Monday, January 25, 2010

Quote of the Day

"Corporations aren't born; they are legal inventions with state-sanctioned paperwork for DNA. How do these non-biological entities, existing through an obeisant contrivance of government, merit equal protection of the constitution? More importantly, why don't actual people enjoy the kind of legal protections America provides to corporations? ... Corporate personhood exists for the purpose of divorcing men like Lloyd Blankfein from the consequences of their actions. Well, I say enough: the man's metaphorical head must roll and the crime for which he bears executive responsibility must be punished. I don't even care if Goldman-Sachs experiences a corporate makeover in the process, but America cannot afford to reward this kind of behavior with taxpayer dollars."

-- Matt Osborne in a piece entitled "Citizen Goldman Sachs, Psychopath"

I always imagine Matt being a cross between Tyler Durden and Horatius at the Bridge -- simultaneously tearing stuff down that doesn't matter and defending to the death what does -- and that's what makes him so great to read.


Anonymous said...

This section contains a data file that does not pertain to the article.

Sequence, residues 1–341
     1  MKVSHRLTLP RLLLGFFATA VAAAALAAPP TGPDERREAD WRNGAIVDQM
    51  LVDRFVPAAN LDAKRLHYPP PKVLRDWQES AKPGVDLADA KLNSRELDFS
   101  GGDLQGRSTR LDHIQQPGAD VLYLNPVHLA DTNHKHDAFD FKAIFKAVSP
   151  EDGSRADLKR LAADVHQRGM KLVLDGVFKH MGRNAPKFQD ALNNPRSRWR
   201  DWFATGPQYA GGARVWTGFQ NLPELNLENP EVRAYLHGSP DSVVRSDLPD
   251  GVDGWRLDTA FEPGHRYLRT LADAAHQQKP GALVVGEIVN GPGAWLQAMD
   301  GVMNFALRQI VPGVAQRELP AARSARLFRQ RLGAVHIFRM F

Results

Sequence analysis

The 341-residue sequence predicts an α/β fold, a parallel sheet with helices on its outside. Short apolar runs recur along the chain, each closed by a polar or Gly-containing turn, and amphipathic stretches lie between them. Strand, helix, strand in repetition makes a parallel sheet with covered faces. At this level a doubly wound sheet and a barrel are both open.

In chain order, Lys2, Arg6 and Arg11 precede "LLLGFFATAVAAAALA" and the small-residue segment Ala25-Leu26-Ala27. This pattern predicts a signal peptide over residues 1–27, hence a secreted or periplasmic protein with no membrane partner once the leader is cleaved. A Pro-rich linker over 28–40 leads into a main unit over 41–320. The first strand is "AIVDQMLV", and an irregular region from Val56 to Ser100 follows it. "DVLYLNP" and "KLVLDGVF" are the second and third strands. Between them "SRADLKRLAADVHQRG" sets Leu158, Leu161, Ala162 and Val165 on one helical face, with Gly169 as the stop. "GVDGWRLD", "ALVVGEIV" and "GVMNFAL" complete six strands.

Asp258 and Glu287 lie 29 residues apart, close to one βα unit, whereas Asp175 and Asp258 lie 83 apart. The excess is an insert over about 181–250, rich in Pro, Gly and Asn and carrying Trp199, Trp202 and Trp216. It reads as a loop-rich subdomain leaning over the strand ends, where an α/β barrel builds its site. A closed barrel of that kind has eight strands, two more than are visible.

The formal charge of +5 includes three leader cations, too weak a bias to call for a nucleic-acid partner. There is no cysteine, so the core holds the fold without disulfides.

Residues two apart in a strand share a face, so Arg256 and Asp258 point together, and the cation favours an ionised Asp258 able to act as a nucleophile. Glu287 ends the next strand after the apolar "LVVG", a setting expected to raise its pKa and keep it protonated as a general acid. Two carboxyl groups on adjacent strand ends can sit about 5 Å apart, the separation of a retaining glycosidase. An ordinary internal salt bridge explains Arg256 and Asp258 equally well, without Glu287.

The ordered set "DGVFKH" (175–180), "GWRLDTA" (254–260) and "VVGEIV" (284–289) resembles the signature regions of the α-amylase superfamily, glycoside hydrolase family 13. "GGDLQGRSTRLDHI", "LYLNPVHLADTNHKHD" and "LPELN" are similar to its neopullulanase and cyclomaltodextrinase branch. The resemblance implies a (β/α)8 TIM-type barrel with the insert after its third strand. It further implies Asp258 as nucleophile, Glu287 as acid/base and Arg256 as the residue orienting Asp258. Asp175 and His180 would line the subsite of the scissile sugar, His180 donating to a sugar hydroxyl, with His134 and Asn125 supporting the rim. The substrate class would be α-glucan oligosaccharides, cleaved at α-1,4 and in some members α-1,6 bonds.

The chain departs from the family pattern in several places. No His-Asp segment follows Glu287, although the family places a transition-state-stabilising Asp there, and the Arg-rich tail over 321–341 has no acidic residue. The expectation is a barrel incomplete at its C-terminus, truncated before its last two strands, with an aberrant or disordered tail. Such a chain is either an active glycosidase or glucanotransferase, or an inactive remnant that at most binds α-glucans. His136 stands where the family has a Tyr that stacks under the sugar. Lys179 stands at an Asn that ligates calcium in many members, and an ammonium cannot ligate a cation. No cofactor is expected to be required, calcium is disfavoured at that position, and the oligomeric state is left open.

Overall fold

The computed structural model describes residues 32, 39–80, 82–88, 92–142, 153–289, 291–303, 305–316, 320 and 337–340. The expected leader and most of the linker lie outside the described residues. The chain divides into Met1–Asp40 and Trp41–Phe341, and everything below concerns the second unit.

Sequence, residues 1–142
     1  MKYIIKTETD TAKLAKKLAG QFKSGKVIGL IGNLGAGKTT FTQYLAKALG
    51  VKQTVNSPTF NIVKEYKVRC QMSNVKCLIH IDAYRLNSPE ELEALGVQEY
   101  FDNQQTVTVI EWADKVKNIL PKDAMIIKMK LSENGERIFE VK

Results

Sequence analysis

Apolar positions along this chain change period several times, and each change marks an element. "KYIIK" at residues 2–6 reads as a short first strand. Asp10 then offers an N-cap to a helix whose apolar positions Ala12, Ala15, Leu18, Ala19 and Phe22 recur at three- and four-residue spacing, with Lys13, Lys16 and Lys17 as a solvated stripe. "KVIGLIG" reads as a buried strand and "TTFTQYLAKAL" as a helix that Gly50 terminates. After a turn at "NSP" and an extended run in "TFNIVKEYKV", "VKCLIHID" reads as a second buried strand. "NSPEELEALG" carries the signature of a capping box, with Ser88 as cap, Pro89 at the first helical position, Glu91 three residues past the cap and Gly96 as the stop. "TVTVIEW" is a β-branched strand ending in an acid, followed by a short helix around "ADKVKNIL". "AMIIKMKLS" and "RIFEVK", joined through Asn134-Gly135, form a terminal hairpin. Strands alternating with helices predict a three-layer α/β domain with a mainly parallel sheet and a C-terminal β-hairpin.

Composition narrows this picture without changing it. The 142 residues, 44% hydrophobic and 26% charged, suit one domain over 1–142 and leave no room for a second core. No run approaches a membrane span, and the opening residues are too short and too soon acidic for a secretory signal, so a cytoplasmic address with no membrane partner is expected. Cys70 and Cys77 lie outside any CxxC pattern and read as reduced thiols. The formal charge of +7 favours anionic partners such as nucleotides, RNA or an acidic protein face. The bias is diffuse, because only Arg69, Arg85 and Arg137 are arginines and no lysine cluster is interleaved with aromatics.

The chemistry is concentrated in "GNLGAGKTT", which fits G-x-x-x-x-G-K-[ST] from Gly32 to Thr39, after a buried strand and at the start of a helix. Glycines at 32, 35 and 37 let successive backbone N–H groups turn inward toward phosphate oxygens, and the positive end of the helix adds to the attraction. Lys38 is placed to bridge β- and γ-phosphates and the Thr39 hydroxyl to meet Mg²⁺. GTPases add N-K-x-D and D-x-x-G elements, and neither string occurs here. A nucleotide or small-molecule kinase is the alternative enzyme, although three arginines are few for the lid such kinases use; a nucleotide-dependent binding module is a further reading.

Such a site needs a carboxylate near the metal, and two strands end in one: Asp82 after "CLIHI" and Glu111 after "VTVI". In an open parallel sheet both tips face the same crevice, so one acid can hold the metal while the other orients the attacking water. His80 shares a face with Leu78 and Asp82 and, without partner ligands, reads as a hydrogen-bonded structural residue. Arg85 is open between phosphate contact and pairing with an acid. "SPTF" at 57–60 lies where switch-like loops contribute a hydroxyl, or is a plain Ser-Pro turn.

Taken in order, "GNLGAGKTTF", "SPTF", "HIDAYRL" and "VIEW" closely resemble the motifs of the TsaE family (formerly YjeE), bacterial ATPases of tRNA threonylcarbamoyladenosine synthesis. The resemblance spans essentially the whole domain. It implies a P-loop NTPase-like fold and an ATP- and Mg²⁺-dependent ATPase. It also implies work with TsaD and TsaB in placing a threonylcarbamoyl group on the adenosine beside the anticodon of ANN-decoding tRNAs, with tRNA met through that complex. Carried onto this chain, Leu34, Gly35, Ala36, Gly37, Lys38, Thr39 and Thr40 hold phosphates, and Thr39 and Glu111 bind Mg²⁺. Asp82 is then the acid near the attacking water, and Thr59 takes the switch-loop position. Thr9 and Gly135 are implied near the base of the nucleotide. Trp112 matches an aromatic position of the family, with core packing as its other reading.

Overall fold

Why didn't Nixon think of this argument during the Pentagon Papers case?

Alan De Smet said...

Capitalism is human nature. Even if you try to stamp it out, it survives like a cockroach. With that in mind, a corporation is like an animal: powerful, majestic, completely amoral. We cannot judge a corporation ethical or moral; it's meaningless.

Of course, if a wild bear attacks someone, we put it down. If a wolf or fox is raiding a farm, the farmer is allowed to shoot it. If an animal is fun to hunt, we have a hunting season. We don't put down enough corporations.

alumiere said...

Thanks for posting this. Also, Inara is cute for a (ack) baby.

But seriously, I don't read huffpo because there aren't enough hours in the day and the anti-vax "woooo" at the site turns me off (Immune deficiency = that shit could kill me). So I go there when you link them or a few other friends do, but you do that most often.